Disagree with me


Illustration by Yasmin Haq

I vividly remember the 2016 election. Donald Trump was going to be the next president of the United States of America and I was going to be dreading the next day of school. I remember my 13-student-very-talkative-World-History-AP class being subdued the next day, all of us upset about how the whole election turned out.

But with the knowledge I gained through taking history and government classes, I realized I didn’t understand politics enough to understand the gravity of this election and the importance of informed voting. When it came to the question of voting, as a sophomore, I was indifferent; I didn’t really care if people were taking the time to vote. All I understood was that someone who I thought represented many of my views, was not elected.

Our government was built on the idea of separation of powers, which is the assigning of authority of governing among three branches (executive, judicial and legislative) so that no part of the government becomes too powerful. Separation of powers works because branches of government have checks on the powers of the others. For example, the president, the head of the executive branch, can nominate judges for the judicial branch and can veto, or overturn, laws made by Congress.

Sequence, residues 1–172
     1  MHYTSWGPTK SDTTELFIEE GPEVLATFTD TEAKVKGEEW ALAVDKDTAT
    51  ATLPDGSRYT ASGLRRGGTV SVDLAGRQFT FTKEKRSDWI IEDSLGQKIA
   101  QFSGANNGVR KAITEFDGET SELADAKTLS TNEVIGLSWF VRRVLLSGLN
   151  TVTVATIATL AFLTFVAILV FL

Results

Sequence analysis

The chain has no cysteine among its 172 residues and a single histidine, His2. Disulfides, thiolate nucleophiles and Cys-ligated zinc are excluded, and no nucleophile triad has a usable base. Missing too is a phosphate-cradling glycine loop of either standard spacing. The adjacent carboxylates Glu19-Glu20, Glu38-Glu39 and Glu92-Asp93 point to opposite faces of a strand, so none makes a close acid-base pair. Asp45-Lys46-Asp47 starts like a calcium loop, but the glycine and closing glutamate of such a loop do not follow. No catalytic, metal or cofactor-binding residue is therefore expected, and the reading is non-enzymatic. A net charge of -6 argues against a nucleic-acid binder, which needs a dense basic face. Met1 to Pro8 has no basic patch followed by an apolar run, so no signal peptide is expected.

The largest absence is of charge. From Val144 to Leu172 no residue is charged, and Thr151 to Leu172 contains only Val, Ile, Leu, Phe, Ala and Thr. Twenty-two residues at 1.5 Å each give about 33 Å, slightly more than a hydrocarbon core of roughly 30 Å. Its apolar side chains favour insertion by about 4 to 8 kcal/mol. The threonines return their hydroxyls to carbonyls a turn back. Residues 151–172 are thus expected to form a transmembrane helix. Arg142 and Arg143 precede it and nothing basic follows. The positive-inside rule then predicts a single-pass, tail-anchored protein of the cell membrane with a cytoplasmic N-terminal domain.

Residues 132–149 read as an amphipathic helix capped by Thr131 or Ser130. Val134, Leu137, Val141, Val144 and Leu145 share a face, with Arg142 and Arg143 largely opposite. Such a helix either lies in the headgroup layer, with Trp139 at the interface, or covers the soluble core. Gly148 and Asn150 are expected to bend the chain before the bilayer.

In this presidency, turmoil has become the regular. We saw the rise of the travel ban, families separated from children, various scandals from sexual assault to tax evasion and most recently we saw the controversy and nomination of Brett Kavanaugh.

When the world seems to be going into chaos, it’s natural to feel hope has evaporated. However, our government is built so that we, as citizens, have the power to stifle some of the injustices that may occur within. Congress checks on the presidential power by being able to override vetoes and can check the court’s powers by approving presidential nominations. For the checks and balances system to work, citizens need to vote.

The midterm elections are important. This is an election which allows us to pick congressmen and lawmakers. It allows us to pick people who will represent our beliefs when determining the course of our country. It allows us to pick people who will do their best to counter and check the actions of the other branches.

As young adults, people tend to underestimate or disregard our opinions, but we can make an impact. Being active in the news and following unbiased sources or even having discussions with different minded people can help you formulate your own informed opinion.  We all have different views, and that is fine; feel free to disagree with me an issue on policy, but vote. Let our individual unique, informed voices be heard to convey who we are and what we want. VOTE.